The raging row over Udta Punjab took a dramatic turn on Wednesday when censor board chief Pahlaj Nihalani suggested that Anurag Kashyap may have made the movie after taking money from the AAP, sparking a stinging reaction from Bollywood and AAP leader Arvind Kejriwal.
Leading Bollywood filmmakers along with the Udta Punjab team—co-producers Kashyap and Ekta Kapoor, actors Shahid Kapoor and Alia Bhatt and director Abhishek Chaubey—addressed the media where the Indian Film and Television Directors Association (IFTDA) sought an apology from Nihalani.
Filmmaker Mukesh Bhatt, who is also the President of the Film and Television Producers Guild of India, urged the government to sack Nihalani as the head of the Central Board of Film Certification (CBFC).
The Aam Aadmi Party promptly joined the fracas.
Delhi Chief Minister Kejriwal said Nihalani's allegation against Kashyap proved he had acted against Udta Punjab—which deals with the drug menace in the state—at the behest of the BJP.
"Nihalani's statement makes it amply clear he has stopped the film on BJP's instructions." Kejriwal added: "What else could one expect in Modi regime." He added that the truth about Punjab should become public.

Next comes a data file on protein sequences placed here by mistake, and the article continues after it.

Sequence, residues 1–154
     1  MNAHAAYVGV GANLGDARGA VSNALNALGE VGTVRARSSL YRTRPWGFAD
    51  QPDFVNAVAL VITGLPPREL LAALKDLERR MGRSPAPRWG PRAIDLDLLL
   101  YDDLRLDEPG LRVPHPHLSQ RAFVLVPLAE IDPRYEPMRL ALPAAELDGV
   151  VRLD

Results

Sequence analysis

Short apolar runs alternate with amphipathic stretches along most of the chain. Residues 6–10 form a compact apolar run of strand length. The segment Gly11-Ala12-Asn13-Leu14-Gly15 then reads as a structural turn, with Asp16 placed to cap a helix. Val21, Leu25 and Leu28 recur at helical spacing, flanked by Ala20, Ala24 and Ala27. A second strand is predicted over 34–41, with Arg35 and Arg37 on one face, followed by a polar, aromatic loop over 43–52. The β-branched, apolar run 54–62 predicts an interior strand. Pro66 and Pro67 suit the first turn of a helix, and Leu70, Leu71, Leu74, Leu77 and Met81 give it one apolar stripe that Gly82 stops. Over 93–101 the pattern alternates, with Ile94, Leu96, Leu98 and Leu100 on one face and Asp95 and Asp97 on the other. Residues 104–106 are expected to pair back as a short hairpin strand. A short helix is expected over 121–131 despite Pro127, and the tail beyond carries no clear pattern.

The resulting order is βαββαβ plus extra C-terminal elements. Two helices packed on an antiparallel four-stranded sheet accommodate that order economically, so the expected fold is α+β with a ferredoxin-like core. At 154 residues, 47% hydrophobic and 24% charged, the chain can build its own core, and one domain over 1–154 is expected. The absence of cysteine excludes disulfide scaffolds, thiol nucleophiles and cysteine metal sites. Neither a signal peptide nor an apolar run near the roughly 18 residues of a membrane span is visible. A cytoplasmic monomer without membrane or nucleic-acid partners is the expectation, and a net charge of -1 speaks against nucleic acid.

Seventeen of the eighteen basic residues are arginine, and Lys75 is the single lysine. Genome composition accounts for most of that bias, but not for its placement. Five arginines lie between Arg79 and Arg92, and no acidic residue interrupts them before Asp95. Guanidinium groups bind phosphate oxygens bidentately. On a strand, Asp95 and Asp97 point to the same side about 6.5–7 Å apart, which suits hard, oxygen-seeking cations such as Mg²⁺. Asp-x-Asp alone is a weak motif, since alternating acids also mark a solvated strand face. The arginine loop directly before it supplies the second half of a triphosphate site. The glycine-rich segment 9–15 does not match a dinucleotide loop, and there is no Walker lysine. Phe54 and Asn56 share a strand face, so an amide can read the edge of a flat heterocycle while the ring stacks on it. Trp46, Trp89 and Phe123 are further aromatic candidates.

Indian Film and Television Directors Association President Ashoke Pandit said: "We condemn the statement (by Nihalani). We demand an apology... This is not just an insult to Kashyap but to the film industry." Pandit is also a member of the censor board which Nihalani heads.
Kashyap, who has made movies like Black Friday and who strongly believes the CBFC should be for certification and not for censorship, hit back.
"I really don't know how to react to this. Of course, I have not taken any money and I feel ashamed that I have to defend myself... I wish someone gives me money as I have many ideas."
Kashyap earlier called Nihalani an "oligarch" who has made the situation in the film industry akin to North Korea.
It all followed Nihalani's remarks to a news channel: "I have heard he (Kashyap) has taken money from AAP... He is a sponsor of AAP."
Asked if he meant that Kashyap had taken money to show Punjab in poor light, Nihalani said: "Yeah, that is what I have heard. That talk is going on in the film industry."
The AAP, which rules Delhi, is a major contender for power in Punjab where assembly elections are due next year.
The censor board has sought 89 cuts in Udta Punjab—deletions which the producers say will virtually kill the movie.
Mukesh Bhatt said: "We have been making films for 40 years but this has not happened before. I appeal to the (Information and Broadcasting) Ministry that Pahlaj should be removed as he doesn't deserve (the post)."
Kashyap has requested the Congress, AAP and other parties to stay out of his battle with the censors. "Please don't colour my fight with any political affiliation because there is none."
Udta Punjab makers said they were trying to release the film as slated on June 17.